If the tree truly straddles the property line, then you and the neighbor have joint authority over it, and share responsibility for it. A survey can determine exactly where the property line is in relation to the tree.
If the tree or any of its branches pose a hazard, then the tree, or the hazardous branches, should be removed. If the hazardous branches overhang your property, then you are within your rights to remove them. If you feel that any part of the tree that is on your neighbor's property needs to be removed as well, and your neighbor will not agree, then you may need a court order to do so.
You ask if your neighbor can take action against you if you decide to remove the tree. The answer is yes, if the part of the tree you remove is on his property. Your neighbor may seek a preliminary injunction from a court ordering you not to remove the tree, or sue you for trespass after the fact. Whether your neighbor will be successful is unclear, but he/she certainly could bring a lawsuit.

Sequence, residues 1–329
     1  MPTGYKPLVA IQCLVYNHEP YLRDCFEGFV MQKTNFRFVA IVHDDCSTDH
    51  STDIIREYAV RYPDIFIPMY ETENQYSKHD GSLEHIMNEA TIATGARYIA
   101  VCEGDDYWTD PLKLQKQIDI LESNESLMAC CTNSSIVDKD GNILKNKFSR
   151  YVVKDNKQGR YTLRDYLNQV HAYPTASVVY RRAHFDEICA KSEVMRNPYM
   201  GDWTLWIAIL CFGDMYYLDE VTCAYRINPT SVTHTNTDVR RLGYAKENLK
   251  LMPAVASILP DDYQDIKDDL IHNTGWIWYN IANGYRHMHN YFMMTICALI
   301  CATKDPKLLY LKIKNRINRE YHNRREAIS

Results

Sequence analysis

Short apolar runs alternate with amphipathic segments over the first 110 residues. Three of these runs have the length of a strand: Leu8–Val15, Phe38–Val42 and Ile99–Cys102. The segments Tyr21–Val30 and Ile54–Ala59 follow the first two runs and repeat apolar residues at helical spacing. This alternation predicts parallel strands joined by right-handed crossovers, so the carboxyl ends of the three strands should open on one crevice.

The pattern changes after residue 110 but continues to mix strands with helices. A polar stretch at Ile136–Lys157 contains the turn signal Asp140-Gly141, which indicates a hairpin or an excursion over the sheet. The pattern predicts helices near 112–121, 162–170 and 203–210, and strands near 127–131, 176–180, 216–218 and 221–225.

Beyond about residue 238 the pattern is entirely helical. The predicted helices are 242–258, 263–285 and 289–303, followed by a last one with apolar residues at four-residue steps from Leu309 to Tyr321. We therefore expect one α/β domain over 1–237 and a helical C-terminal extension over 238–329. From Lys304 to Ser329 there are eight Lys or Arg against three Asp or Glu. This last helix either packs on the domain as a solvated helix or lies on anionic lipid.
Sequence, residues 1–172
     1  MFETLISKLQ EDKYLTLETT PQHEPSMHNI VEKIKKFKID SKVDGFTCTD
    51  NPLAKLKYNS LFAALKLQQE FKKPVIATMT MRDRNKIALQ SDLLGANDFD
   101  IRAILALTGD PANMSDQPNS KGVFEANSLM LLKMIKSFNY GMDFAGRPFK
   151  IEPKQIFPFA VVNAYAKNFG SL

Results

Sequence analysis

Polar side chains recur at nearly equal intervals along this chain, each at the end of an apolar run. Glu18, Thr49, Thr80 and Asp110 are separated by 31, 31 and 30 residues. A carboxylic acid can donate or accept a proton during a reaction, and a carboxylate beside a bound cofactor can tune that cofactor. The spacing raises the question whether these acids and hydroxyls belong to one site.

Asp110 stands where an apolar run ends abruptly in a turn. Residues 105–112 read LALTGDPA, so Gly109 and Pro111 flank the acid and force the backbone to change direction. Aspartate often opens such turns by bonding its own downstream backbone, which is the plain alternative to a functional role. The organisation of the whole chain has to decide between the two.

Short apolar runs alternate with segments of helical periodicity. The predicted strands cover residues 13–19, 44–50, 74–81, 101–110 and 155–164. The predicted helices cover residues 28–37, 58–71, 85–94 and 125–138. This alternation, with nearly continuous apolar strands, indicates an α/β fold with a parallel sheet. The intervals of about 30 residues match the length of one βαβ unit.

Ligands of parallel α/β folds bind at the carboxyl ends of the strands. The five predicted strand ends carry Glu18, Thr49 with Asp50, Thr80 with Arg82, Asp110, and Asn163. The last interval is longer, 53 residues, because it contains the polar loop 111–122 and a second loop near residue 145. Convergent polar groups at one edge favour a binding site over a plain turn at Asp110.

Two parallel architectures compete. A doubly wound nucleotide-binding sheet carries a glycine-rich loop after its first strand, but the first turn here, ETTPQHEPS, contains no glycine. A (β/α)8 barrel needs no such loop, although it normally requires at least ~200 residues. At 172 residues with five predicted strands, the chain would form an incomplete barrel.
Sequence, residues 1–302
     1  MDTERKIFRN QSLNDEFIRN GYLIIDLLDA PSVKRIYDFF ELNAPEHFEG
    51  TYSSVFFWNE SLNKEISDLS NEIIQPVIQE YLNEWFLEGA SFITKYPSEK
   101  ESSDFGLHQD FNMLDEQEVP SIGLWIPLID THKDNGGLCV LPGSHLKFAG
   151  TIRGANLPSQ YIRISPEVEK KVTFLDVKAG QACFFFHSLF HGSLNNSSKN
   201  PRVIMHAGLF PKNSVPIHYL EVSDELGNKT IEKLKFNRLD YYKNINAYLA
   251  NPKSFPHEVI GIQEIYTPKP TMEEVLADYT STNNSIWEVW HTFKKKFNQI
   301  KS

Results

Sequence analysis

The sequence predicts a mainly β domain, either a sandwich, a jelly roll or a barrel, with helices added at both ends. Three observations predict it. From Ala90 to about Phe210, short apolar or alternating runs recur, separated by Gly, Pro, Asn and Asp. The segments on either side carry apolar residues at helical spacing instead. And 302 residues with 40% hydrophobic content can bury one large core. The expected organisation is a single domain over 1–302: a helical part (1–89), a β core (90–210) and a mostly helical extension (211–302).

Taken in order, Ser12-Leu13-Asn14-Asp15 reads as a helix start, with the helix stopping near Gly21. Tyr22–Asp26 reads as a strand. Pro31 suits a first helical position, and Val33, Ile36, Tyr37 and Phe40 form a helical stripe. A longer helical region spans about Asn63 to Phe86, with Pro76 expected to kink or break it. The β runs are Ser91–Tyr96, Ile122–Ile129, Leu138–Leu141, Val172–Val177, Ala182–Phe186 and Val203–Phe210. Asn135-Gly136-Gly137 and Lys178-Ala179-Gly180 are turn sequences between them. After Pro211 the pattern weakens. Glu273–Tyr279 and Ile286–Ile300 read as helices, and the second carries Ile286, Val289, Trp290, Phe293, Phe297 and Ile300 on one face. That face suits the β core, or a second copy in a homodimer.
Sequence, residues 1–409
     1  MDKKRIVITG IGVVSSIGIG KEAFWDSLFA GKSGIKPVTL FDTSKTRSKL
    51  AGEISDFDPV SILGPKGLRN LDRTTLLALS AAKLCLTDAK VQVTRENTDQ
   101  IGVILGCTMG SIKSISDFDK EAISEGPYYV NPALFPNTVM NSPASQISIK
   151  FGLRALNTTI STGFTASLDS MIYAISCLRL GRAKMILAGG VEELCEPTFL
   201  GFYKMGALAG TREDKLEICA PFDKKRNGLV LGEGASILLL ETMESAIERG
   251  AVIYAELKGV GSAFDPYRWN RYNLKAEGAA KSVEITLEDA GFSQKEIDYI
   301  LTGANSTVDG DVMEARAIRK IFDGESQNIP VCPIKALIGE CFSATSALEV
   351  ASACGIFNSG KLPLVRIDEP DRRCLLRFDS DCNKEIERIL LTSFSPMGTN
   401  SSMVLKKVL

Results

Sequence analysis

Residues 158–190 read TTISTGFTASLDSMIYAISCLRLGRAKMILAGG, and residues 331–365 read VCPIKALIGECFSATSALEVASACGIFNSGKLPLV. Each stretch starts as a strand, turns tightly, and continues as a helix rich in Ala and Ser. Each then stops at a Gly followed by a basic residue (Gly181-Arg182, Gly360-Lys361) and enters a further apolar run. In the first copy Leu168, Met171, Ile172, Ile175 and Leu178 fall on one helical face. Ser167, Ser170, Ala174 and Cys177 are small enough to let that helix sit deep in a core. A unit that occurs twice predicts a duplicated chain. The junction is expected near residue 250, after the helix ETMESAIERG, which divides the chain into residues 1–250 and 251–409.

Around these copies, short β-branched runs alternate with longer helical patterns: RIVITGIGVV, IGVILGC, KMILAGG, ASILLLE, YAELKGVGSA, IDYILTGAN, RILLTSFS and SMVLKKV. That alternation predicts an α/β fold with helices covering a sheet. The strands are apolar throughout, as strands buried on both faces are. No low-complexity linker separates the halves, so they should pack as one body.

Keep in mind that this is not legal advice, and I highly recommend that you seek the advice of an attorney in your area before taking any action.
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Law Offices of Marshall D. Chriswell
714 Philadelphia St., Suite 200
Indiana, PA 15701
Marshall D. Chriswell is a civil practitioner with offices in Indiana and Clearfield Counties. Mr. Chriswell's practice emphasizes Wills & Estate Planning, Probate, Real Estate, and general civil disputes.
Mr. Chriswell provides free initial consultations, and will gladly meet clients in their homes upon request, including on the evenings or weekends.
This communication does not constitute legal advice and does not establish an attorney/client relationship. If you are seeking legal advice, feel free to contact our offices.